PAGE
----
By aligning himself with nationalist leaders who foster white supremacy, Netanyahu has abandoned world Jewry in a bid to bolster his own nationalist machinations.
By Rachel Shenhav-Goldberg
U.S. President Donald Trump with Israeli Prime Minister Benjamin Netanyahu, Tel Aviv, May 23, 2017. (Kobi Gideon / GPO)
For some years now, Israeli Prime Minister Benjamin Netanyahu has been forming close diplomatic relations with far-right nationalist world leaders. This alignment might promote Netanyahu’s plan to strengthen Jewish nationalism in Israel, but it concomitantly weakens diaspora Jews and makes them more vulnerable to anti-Semitism and hate crimes in their own countries.
Over the last five decades, anti-Semitism was in decline, particularly in the United States. Jews in the United States occupy powerful political positions, are key figures in the worlds of business and entertainment, are well integrated into American society. They are American in every sense of the word. However, as the horrific act of terror in a San Diego synagogue painfully reminded us last week, white nationalists and white supremacists have never accepted Jews as equals — or even as white.
White supremacy definitely still exists. Destroying 500 years of institutional structures and the internalization of privileged status is not that easy. Even the election of President Obama was in many ways merely a facade of progressiveness — a false hope. Research has shown that racism against black Americans actually increased during President Obama’s time in office. Furthermore, President Trump’s promise to “make America great again” gave white nationalists and white supremacists a nod to raise their heads and act.
The Anti-Defamation League reported that in the past year, a total of 1,879 incidents of harassment, vandalism, and physical assault were committed against Jews in the United States. This represents the third-highest number of reported incidents since the 1970s.
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Netanyahu’s policies and vision for Israel, alongside his narcissism and ambition to stay in power forever, have create divisions not only inside Israeli society but also between Israel and American Jews. Netanyahu’s idea of Israel is not a Jewish nation with equal rights for all, but as an Israeli-Jewish nation — abandoning both non-Jewish Israelis and non-Israeli Jews.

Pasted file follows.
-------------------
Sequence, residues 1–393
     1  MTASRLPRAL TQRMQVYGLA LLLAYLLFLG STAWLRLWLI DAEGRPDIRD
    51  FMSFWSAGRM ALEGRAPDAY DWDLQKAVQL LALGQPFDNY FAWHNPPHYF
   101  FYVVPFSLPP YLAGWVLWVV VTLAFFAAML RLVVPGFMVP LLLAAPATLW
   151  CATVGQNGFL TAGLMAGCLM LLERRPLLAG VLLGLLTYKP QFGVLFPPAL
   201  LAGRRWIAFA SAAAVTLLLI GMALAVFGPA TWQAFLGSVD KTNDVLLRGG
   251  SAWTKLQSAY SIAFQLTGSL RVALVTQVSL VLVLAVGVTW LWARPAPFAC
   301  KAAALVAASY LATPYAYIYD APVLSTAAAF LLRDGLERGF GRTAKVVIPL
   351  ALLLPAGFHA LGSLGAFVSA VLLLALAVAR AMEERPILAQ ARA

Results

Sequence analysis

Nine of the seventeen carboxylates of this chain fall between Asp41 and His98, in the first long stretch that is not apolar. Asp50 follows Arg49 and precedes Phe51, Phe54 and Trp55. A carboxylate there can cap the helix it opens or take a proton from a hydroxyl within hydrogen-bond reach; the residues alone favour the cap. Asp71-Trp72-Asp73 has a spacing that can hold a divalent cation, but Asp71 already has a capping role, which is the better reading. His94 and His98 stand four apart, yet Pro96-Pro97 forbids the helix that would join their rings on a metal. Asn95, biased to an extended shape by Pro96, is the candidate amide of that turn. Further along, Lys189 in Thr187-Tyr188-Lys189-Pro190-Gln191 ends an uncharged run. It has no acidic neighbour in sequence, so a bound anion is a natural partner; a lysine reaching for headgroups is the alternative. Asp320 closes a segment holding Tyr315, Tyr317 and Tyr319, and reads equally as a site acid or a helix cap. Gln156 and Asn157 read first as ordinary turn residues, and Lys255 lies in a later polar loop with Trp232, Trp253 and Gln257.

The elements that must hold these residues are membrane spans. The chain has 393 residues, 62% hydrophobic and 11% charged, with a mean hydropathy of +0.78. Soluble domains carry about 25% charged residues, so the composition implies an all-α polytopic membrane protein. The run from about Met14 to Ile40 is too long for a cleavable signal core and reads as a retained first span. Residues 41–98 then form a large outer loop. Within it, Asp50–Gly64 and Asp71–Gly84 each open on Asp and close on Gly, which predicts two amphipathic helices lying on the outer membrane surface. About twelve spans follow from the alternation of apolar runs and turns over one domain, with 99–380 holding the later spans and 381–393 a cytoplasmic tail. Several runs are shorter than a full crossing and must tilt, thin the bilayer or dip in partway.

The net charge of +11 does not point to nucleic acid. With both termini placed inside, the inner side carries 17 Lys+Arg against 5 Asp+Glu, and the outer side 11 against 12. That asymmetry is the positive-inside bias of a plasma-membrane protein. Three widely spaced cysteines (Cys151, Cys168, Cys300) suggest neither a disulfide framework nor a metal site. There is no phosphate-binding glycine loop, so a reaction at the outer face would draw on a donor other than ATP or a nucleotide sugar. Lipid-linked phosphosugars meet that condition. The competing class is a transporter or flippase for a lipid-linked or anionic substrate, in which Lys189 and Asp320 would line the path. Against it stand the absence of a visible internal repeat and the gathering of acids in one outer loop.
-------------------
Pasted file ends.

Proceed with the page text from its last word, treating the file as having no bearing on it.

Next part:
Further, Netanyahu’s my-way-or-the-highway worldview turns American Jews who oppose the occupation or who do not fully support Israeli policies into traitors. To replace the real or anticipated loss of their support, he has looked for allies elsewhere — ones who are comfortable with Israel’s own nationalist underpinnings.
The common denominator between all these leaders — Hungary’s Viktor Orban, Brazil’s Jair Bolsonaro, and Donald Trump — is the often-insinuated but at times overt support of white national supremacy. They endorse and employ hate rhetoric, use racist terms, and undermine the rights of LGBTQ people and women. Their true goal is the promotion of the “old order” — demoting the position of and discriminating against minorities, a category that inescapably and invariably includes Jews.
The national supremacy these leaders promote in their countries is in many ways indistinguishable from Netanyahu’s agenda for Israel. Netanyahu is an intelligent man; every move he makes is calculated wisely and strategically. By aligning himself with far-right nationalist leaders who foster white supremacy, anti-Semitism, and the violence they produce, he has decided to abandon world Jewry in exchange for diplomatic support and the legitimization of his own nationalist machinations.
Israel has become a Jewish state that cares only for Jewish-Israeli citizens, breaking its commitment to protect diaspora Jews, not to mention its obligations to the non-Jews living under Israeli rule.
Rachel Shenhav-Goldberg is an Israeli living in North America. She has a PhD in social work from Tel Aviv University and a post-doctorate from the University of Toronto. Her research focuses on anti-racism in Israel and anti-Semitism in North America. She is also a group facilitator, practices social work, and volunteers with the New Israel Fund in Canada.
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